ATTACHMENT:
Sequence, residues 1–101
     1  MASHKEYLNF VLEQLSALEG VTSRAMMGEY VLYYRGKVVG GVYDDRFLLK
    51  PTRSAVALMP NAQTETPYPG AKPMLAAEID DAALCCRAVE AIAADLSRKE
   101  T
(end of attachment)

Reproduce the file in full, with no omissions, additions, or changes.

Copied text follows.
Sequence, residues 1–101
     1  MASHKEYLNF VLEQLSALEG VTSRAMMGEY VLYYRGKVVG GVYDDRFLLK
    51  PTRSAVALMP NAQTETPYPG AKPMLAAEID DAALCCRAVE AIAADLSRKE
   101  T